Harvard University President Claudine Gay will submit a trio of revisions to her 1997 graduate dissertation, according to reports yesterday, following allegations of plagiarism that have surfaced in recent weeks. The updates came the same day a university-sponsored independent review accused Gay of using duplicative language and insufficient attribution while concluding the instances fell short of serious misconduct.
Gay came under public scrutiny after providing congressional testimony widely criticized for being evasive about instances of extreme antisemitism on campus—an appearance which ultimately led to the firing of Gay's cowitness, Liz Magill, from the University of Pennsylvania. The university board backed Gay both following the remarks and after rumors of plagiarism surfaced in the hearing's wake. Claims of alleged copying range from vaguely similar phrasing to nearly verbatim sentences (some examples here).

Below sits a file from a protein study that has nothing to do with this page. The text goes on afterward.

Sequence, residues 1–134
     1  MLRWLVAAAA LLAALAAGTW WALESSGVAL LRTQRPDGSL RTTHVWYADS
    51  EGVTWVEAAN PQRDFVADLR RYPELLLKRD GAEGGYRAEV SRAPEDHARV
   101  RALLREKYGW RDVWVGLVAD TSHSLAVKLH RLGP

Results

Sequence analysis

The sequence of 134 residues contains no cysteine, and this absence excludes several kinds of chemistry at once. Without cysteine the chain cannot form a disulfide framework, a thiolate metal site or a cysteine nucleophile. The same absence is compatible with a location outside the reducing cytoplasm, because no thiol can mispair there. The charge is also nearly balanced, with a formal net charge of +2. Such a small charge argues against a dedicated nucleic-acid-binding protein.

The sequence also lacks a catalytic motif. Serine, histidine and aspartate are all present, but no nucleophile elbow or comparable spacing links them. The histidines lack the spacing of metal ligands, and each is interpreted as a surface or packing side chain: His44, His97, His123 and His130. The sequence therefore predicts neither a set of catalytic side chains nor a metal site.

The House Education and Workforce Committee said this week it will launch a probe into Harvard's handling of the claims.